Solicitor urges landowner diligence to property developments

19th May 2017

A commercial property lawyer is urging landowners to check that new property developments close to their own premises are not infringing their rights.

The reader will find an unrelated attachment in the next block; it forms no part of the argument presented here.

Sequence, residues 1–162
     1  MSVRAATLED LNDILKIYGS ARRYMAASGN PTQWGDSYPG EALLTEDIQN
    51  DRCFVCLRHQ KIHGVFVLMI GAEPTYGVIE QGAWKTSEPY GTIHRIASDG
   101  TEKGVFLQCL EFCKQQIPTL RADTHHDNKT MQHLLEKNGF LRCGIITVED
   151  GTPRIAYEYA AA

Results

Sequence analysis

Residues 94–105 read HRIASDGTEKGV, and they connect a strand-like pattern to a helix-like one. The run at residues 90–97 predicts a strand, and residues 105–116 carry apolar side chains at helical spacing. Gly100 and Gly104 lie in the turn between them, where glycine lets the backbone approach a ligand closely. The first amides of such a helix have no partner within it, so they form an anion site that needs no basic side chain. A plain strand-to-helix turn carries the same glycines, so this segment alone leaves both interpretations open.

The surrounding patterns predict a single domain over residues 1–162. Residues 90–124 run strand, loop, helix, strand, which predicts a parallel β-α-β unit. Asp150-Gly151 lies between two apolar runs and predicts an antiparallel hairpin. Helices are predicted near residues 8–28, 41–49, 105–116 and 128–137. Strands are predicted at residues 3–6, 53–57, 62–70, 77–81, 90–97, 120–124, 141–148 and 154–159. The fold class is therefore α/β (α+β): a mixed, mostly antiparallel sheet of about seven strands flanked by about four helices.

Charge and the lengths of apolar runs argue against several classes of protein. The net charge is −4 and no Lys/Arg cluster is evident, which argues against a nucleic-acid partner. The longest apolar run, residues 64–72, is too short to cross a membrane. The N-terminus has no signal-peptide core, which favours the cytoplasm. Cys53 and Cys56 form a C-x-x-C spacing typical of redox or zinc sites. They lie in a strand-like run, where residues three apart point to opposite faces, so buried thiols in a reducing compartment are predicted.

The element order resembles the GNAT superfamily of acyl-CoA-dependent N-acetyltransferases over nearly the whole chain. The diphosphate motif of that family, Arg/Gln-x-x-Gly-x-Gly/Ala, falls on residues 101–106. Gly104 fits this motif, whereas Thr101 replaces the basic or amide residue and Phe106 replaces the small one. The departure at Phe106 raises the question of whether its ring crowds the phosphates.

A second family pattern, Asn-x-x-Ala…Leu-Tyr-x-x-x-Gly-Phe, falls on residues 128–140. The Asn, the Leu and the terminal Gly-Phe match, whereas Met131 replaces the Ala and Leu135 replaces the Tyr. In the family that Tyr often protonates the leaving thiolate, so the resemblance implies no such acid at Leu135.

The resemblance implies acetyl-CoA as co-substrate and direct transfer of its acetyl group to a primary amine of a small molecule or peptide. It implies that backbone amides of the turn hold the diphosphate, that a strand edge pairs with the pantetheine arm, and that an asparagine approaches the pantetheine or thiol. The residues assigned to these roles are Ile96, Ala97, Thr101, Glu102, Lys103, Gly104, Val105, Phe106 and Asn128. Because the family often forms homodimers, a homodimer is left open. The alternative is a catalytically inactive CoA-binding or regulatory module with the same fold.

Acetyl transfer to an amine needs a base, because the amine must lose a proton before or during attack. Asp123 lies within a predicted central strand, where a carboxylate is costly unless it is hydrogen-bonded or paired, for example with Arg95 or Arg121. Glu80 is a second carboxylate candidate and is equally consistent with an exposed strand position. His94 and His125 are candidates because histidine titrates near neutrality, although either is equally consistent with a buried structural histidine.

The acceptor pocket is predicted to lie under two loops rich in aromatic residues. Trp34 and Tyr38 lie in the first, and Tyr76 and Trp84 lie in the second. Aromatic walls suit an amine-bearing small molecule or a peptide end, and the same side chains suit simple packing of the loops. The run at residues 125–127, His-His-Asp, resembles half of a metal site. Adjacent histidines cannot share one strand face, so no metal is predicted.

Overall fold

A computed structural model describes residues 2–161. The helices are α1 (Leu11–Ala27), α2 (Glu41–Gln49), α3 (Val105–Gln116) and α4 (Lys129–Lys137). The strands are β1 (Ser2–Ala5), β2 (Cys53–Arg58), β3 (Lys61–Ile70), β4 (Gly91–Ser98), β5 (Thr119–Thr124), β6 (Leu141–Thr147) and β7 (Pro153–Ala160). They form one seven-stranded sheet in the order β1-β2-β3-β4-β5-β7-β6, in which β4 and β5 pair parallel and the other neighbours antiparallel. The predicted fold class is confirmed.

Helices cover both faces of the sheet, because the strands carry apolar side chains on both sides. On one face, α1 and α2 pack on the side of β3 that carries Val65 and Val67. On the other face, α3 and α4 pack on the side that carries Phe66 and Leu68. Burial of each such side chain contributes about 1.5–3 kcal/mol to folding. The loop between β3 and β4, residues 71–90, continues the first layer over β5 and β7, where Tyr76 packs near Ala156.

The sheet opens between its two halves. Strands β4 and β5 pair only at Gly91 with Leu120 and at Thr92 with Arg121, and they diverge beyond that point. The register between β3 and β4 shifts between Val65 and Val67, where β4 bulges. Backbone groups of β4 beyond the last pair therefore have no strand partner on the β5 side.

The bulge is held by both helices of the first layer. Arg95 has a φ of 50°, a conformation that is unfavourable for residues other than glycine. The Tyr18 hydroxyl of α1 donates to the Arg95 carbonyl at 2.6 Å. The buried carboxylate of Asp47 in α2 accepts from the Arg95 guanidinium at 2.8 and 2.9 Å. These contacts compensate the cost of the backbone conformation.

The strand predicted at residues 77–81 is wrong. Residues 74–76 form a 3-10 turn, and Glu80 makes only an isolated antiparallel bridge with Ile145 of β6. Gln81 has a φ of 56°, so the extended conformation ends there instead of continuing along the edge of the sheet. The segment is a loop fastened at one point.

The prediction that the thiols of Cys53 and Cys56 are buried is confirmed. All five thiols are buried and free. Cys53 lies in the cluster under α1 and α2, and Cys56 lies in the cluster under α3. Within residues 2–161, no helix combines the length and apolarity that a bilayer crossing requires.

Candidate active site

Neil Salter, director and head of commercial property at Wake Smith Solicitors has acted successfully with the firm's litigation team for landowners to obtain compensation from developers for infringement of rights to light and unauthorised crane oversailing. Neil Salter, said: -It is fantastic that we are seeing increasing levels of urban development in South Yorkshire but there are inevitably cases where a construction project may infringe on the rights of neighbouring property, which landowners need to be aware of. Most developers will be well aware of the potential infringements and as long as they are well advised, will be prepared for such claims. -For example, if a builder is using a crane which passes over your property, then you as landowner can make it clear that this is not permitted, and in return for not seeking an injunction to prevent what is a trespass, you as landowner grant a licence in lieu of a fee from the developer/builder, this is an accepted practice but one that landowners are often unaware of. More significant perhaps is the question of rights to light, which is an easement in English Law, that gives a landowner the legal right to receive a reasonable amount of light through windows in buildings on his or her land. Neil added: -Natural light is quite rightly viewed as an important factor and in many cases the owner of a building is entitled to prevent any nearby construction or other obstruction that would deprive the landowner of natural light. Broadly, it means that neighbours cannot build anything that would block the light, without permission. -In instances where it becomes apparent that natural light will be compromised, it is possible to apply to court to seek to obtain an injunction in order to stop work that compromises the passage of natural light. Incidentally, the grant of planning permission to a developer does not provide a legal defence for a loss of light claim. -Whether rights to light are infringed is a very technical matter and an opinion from a specialist rights to light surveyor is needed to back up a claim, or indeed to resist a claim. -Because claims for compensation over rights to light can run into tens of thousands and sometimes more, they are of concern to a developer because such claims are very disruptive to a developer's programme and therefore funding. -Even crane oversailing can see substantial licence fees changing hands in return for consents obtained late in the programme. -None of these issues ought to restrict or inhibit well planned developments, but where a landowner's rights are not respected or adequately considered, the law is there to protect them from such breaches.

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